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Deborah Malac, U.S. ambassador to Liberia, and Maj. Gen. Darryl A.Williams, commander of U.S. Army Africa, listen to a briefing from the Armed Forces of Liberia engineers working on the Ebola treatment unit in Tubmanburg, Liberia, on Oct. 15, 2014.

Deborah Malac, U.S. ambassador to Liberia, and Maj. Gen. Darryl A.Williams, commander of U.S. Army Africa, listen to a briefing from the Armed Forces of Liberia engineers working on the Ebola treatment unit in Tubmanburg, Liberia, on Oct. 15, 2014. (U.S. Army Africa)

Deborah Malac, U.S. ambassador to Liberia, and Maj. Gen. Darryl A.Williams, commander of U.S. Army Africa, listen to a briefing from the Armed Forces of Liberia engineers working on the Ebola treatment unit in Tubmanburg, Liberia, on Oct. 15, 2014.

Deborah Malac, U.S. ambassador to Liberia, and Maj. Gen. Darryl A.Williams, commander of U.S. Army Africa, listen to a briefing from the Armed Forces of Liberia engineers working on the Ebola treatment unit in Tubmanburg, Liberia, on Oct. 15, 2014. (U.S. Army Africa)

From left, Brig. Gen Daniel Ziankahn Jr., Armed Forces of Liberia chief of staff; Maj. Gen. Darryl A. Williams, commander of U.S. Army Africa; and USARAF Command Sgt. Maj. Jeffery Stizel, bond with engineers working on the Tubmanburg Ebola treatment unit as they sound off with "Go Army, Beat Navy!" during a video spot highlighting an upcoming American college football game between the U.S. Army and Navy service academies.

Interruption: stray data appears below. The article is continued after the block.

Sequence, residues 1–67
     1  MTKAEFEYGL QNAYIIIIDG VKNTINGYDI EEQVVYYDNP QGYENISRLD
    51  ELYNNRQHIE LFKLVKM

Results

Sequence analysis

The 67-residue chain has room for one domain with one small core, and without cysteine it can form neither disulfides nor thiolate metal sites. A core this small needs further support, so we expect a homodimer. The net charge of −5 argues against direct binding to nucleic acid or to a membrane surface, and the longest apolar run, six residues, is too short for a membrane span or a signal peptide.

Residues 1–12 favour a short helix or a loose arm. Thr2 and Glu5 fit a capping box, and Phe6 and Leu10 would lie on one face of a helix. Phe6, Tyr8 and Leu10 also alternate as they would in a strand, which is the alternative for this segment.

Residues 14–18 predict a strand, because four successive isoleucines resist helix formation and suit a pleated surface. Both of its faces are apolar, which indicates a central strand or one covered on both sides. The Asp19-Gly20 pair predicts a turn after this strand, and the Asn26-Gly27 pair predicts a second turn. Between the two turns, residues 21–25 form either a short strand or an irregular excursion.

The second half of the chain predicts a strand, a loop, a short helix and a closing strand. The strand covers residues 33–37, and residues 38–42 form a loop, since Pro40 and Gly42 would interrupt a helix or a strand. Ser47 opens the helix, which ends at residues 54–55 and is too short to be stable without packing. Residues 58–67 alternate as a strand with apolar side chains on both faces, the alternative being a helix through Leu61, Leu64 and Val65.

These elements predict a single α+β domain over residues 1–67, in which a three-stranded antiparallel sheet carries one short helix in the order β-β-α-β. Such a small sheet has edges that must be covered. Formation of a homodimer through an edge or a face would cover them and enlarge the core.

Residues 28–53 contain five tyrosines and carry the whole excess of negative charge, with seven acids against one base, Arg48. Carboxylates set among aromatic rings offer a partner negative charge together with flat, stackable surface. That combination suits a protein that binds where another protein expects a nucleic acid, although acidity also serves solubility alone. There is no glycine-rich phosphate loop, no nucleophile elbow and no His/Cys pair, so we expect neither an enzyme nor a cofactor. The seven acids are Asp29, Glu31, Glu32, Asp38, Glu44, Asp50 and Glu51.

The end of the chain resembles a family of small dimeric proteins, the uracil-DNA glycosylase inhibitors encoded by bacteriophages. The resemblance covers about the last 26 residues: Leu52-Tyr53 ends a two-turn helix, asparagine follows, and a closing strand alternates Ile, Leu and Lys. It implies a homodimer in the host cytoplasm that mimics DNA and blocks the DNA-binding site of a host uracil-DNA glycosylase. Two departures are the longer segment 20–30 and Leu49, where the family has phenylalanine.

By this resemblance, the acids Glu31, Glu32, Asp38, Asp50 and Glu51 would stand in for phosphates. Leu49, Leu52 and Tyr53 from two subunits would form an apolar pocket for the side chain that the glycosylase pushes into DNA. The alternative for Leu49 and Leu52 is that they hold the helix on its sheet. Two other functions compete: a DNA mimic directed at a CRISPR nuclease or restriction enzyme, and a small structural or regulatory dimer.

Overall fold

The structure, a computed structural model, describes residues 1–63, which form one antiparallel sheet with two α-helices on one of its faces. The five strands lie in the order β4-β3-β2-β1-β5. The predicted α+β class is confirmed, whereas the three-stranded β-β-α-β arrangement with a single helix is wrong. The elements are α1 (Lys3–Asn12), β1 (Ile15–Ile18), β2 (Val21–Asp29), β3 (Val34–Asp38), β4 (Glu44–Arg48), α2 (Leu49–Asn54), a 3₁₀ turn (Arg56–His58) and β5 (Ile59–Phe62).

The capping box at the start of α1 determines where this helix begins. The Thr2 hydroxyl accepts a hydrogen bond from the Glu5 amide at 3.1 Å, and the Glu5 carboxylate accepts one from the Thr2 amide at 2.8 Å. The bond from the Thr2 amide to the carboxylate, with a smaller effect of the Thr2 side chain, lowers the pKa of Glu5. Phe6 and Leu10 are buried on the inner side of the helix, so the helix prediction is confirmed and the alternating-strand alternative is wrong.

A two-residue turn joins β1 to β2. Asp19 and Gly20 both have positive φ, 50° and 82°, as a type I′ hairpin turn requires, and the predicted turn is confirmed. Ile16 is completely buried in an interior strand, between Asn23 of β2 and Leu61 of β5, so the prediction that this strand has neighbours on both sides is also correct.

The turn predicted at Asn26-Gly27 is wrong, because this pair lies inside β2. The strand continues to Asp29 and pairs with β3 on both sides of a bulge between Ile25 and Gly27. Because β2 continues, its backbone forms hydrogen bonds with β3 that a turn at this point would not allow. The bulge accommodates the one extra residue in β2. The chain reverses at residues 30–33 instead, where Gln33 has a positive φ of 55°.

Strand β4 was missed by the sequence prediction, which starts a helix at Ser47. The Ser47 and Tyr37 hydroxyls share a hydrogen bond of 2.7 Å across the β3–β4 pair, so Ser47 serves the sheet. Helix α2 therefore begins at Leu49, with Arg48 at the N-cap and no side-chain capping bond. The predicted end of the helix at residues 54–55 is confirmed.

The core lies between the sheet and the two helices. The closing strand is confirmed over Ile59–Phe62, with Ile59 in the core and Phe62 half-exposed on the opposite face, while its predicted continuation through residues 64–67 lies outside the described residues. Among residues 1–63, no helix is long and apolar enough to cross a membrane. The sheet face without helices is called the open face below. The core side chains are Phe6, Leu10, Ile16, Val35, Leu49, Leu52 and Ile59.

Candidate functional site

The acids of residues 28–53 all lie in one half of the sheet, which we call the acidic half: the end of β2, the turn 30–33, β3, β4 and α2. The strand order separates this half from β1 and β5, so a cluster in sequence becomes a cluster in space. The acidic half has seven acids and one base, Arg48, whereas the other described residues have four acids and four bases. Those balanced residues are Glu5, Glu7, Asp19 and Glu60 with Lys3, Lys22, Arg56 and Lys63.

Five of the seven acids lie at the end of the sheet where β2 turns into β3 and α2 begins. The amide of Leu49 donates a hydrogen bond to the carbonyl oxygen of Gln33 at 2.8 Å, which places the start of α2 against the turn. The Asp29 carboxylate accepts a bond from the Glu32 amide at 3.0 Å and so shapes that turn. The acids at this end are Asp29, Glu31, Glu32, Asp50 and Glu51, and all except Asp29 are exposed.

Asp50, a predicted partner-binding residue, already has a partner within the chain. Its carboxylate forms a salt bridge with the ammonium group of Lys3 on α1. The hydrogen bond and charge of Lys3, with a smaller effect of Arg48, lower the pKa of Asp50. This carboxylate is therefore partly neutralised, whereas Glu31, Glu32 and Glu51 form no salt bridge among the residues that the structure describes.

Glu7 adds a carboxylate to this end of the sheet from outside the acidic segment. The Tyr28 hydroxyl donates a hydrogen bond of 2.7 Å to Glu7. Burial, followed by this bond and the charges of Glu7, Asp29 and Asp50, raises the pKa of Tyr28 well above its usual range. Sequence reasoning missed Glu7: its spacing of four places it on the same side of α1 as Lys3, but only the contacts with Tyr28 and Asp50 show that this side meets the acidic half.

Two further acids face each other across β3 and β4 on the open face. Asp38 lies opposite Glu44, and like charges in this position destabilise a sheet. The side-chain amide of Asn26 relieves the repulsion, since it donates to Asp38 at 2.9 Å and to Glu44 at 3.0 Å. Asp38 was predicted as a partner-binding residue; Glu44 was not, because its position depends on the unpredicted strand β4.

From left, Brig. Gen Daniel Ziankahn Jr., Armed Forces of Liberia chief of staff; Maj. Gen. Darryl A. Williams, commander of U.S. Army Africa; and USARAF Command Sgt. Maj. Jeffery Stizel, bond with engineers working on the Tubmanburg Ebola treatment unit as they sound off with "Go Army, Beat Navy!" during a video spot highlighting an upcoming American college football game between the U.S. Army and Navy service academies. (Will Patterson/U.S. Army)

VICENZA, Italy — “Army leadership” unexpectedly decided to quarantine U.S. Army Africa troops as they returned to Italy from a mission in Liberia because they wanted to “reassure both our soldiers and family members,” Maj. Gen. Darryl Williams said by videoconference Tuesday.

Williams, who spent a month commanding those soldiers, was into his third day under quarantine along with 10 other soldiers. He was reportedly surprised to be greeted by workers in hazmat suits when he arrived by plane in Italy on Sunday.

“They wanted to take a more conservative approach,” said Williams, whose chief of staff less than a week ago emphasized that the returning troops would not be under quarantine.

The policy puts the Army at odds with the Centers for Disease Control and Prevention, which on Monday issued new guidelines calling for voluntary, home quarantine for people returning from West Africa who are at the highest risk of contracting Ebola. The new guidelines outline various risk levels, with the highest being health care workers whose protective gear may have failed or who were stuck by a needle while caring for an Ebola patient.

Most health workers needed to be subject only to daily monitoring, according to the CDC.

More than 75 troops returning from Africa will be housed in a Caserma Del Din facility that is physically separate from other Army personnel. They will be allowed no physical contact with family members but will have access to telephones and the Internet, Army spokeswoman Lt. Col. Alayne Conway said.